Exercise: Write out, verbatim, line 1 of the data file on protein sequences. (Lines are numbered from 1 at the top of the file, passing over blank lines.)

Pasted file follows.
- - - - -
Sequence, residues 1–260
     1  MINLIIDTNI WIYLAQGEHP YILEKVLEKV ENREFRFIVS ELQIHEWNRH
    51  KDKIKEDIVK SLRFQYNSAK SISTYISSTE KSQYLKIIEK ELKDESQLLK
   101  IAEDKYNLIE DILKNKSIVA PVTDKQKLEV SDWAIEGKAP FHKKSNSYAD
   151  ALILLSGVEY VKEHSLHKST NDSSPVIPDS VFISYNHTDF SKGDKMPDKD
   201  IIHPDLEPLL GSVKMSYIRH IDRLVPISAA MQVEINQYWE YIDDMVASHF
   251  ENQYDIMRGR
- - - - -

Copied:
Sequence, residues 1–260